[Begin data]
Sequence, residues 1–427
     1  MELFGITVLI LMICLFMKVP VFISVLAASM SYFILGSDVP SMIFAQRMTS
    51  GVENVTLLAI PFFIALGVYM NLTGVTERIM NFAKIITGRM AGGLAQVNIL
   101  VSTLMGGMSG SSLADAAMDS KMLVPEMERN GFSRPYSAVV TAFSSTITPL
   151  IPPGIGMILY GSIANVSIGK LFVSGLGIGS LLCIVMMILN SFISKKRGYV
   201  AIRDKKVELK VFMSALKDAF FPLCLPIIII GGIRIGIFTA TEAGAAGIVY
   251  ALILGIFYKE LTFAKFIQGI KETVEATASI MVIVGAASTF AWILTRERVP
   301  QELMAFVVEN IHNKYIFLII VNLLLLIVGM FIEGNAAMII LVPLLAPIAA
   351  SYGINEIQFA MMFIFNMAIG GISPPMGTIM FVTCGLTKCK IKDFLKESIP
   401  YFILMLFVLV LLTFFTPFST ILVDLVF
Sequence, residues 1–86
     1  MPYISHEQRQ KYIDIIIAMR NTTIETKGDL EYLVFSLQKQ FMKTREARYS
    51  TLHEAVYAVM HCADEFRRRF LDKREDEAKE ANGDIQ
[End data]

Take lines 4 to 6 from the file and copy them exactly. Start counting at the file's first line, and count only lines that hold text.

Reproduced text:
   101  VSTLMGGMSG SSLADAAMDS KMLVPEMERN GFSRPYSAVV TAFSSTITPL
   151  IPPGIGMILY GSIANVSIGK LFVSGLGIGS LLCIVMMILN SFISKKRGYV
   201  AIRDKKVELK VFMSALKDAF FPLCLPIIII GGIRIGIFTA TEAGAAGIVY